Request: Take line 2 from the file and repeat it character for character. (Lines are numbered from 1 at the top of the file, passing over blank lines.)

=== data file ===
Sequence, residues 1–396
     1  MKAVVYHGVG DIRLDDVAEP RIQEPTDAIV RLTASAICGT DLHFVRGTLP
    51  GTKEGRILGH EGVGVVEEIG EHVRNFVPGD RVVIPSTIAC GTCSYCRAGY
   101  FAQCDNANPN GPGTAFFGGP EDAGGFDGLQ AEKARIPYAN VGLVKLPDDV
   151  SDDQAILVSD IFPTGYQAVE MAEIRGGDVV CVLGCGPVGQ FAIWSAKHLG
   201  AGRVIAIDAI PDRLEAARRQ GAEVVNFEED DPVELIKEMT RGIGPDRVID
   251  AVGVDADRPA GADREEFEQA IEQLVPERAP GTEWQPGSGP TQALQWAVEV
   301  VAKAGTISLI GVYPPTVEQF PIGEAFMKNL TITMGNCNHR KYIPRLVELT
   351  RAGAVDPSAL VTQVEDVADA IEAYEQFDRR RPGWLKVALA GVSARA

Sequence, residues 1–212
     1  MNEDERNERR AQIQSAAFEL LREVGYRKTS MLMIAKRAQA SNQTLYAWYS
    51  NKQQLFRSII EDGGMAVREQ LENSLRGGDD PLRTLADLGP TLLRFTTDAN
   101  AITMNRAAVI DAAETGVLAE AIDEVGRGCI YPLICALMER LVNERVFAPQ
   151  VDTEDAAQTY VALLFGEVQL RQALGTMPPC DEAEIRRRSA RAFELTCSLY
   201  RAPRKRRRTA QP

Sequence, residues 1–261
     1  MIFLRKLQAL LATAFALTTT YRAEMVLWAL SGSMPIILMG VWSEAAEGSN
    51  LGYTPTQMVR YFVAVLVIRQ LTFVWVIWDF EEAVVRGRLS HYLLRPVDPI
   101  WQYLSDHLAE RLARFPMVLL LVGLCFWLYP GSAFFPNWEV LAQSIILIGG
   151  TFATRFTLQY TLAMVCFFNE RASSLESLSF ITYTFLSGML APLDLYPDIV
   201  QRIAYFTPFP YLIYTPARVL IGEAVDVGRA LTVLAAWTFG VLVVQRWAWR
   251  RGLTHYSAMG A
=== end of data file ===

     1  MKAVVYHGVG DIRLDDVAEP RIQEPTDAIV RLTASAICGT DLHFVRGTLP